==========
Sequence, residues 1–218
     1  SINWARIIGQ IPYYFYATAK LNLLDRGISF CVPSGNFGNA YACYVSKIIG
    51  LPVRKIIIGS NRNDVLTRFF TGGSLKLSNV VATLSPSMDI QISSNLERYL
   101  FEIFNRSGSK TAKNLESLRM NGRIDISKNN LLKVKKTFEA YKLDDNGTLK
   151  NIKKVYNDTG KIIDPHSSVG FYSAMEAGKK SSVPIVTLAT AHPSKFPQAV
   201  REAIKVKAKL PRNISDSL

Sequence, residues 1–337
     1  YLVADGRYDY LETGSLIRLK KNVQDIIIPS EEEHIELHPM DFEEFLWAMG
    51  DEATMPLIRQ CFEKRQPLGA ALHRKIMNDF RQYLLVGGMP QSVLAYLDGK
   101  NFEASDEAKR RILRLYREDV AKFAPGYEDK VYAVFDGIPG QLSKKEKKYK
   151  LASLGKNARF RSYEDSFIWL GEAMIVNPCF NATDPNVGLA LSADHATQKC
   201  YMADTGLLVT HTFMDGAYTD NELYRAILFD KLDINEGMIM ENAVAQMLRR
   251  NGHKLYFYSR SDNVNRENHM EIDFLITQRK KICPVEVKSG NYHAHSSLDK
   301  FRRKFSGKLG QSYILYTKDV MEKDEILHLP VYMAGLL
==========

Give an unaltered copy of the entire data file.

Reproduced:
Sequence, residues 1–218
     1  SINWARIIGQ IPYYFYATAK LNLLDRGISF CVPSGNFGNA YACYVSKIIG
    51  LPVRKIIIGS NRNDVLTRFF TGGSLKLSNV VATLSPSMDI QISSNLERYL
   101  FEIFNRSGSK TAKNLESLRM NGRIDISKNN LLKVKKTFEA YKLDDNGTLK
   151  NIKKVYNDTG KIIDPHSSVG FYSAMEAGKK SSVPIVTLAT AHPSKFPQAV
   201  REAIKVKAKL PRNISDSL

Sequence, residues 1–337
     1  YLVADGRYDY LETGSLIRLK KNVQDIIIPS EEEHIELHPM DFEEFLWAMG
    51  DEATMPLIRQ CFEKRQPLGA ALHRKIMNDF RQYLLVGGMP QSVLAYLDGK
   101  NFEASDEAKR RILRLYREDV AKFAPGYEDK VYAVFDGIPG QLSKKEKKYK
   151  LASLGKNARF RSYEDSFIWL GEAMIVNPCF NATDPNVGLA LSADHATQKC
   201  YMADTGLLVT HTFMDGAYTD NELYRAILFD KLDINEGMIM ENAVAQMLRR
   251  NGHKLYFYSR SDNVNRENHM EIDFLITQRK KICPVEVKSG NYHAHSSLDK
   301  FRRKFSGKLG QSYILYTKDV MEKDEILHLP VYMAGLL